Those numbers in the title all represent years in which serious attempts were made to amend the US constitution so as to make a balanced federal budget a legal requirement*. That these attempts failed isn’t surprising. None the less it is inspiring that efforts continue to be made. In Australia there is no political will notable anywhere that would put in place such a constraint. We don’t even have such a constraint at the state level whilst in the USA it is very common at the state level.
Meanwhile a constitutional clause that caps per capita tax revenue at a fixed real dollar amount, unless revised by the citizens through a referendum, would put a handbreak on growth in tax financed government spending. This is what they call TABOR in Colorado where it has been in operation since 1992. To be effective I think TABOR needs some sort of legal remedy. If actual tax revenues do exceed the cap by a given proportion then taxpayers (citizens and corporations) should be able to claim a equivalent proportion off their tax liabilities for the year.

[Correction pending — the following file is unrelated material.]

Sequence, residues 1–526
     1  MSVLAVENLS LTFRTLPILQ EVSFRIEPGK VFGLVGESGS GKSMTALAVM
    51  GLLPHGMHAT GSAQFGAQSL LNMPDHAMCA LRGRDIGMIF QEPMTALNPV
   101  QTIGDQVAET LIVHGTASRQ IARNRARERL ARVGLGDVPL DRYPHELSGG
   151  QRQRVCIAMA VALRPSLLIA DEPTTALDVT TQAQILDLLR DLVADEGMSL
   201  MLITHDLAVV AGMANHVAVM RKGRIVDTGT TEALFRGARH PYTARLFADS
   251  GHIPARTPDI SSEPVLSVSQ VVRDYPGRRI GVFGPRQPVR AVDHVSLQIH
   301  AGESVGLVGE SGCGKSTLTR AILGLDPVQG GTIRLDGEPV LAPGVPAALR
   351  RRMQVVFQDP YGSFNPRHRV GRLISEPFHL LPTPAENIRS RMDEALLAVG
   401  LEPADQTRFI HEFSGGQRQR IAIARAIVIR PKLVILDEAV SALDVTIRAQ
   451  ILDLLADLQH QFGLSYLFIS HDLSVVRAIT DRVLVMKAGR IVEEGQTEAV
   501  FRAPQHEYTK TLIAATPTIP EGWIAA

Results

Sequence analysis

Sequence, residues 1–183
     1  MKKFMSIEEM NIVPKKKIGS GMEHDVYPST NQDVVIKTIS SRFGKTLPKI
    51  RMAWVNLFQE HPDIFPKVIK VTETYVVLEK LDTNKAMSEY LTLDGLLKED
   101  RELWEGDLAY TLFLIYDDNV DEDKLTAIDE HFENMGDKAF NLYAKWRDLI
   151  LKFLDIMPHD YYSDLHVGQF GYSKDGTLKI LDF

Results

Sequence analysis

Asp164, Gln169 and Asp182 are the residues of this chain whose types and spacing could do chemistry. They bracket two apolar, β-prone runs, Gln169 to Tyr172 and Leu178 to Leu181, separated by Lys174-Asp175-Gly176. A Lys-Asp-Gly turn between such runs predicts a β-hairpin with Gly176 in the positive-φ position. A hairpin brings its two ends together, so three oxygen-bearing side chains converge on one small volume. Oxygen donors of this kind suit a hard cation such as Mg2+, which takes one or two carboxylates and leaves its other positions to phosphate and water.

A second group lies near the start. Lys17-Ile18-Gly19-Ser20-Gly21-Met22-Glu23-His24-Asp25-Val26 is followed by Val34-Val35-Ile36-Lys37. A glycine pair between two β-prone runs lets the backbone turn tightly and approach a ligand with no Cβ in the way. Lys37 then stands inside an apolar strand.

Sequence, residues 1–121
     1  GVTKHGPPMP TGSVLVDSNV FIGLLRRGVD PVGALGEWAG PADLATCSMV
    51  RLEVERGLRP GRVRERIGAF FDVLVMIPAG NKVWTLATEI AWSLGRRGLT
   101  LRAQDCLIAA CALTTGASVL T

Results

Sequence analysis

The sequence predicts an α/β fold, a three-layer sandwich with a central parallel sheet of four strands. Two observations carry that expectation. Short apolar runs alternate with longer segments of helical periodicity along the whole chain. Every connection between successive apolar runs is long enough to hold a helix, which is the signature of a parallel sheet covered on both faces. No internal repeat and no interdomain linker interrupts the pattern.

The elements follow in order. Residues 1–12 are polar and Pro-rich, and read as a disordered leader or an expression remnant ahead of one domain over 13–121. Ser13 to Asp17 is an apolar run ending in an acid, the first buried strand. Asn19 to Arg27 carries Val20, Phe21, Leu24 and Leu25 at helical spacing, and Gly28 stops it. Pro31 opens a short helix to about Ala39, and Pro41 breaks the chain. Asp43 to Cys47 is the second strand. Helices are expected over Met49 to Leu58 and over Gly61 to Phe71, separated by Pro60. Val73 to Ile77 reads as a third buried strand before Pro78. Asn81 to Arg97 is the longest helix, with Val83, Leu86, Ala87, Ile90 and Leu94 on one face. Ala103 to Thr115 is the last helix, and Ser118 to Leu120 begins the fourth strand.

i) Mandatory balanced budgets – to stop out of control borrowing.
ii) TABOR – to stop out of control taxation
Sadly I think that without constitutional constraints such as these bigger government by autopilot is somewhat inevitable. With them in place I think liberal democracy could look forward to a very long life.
* One disappointing aspect in the proposed US reforms were the exemptions granted during times of war. Whilst this might on the face of it seem quite reasonably I suspect that in practice it would simply increase the government incentive for war.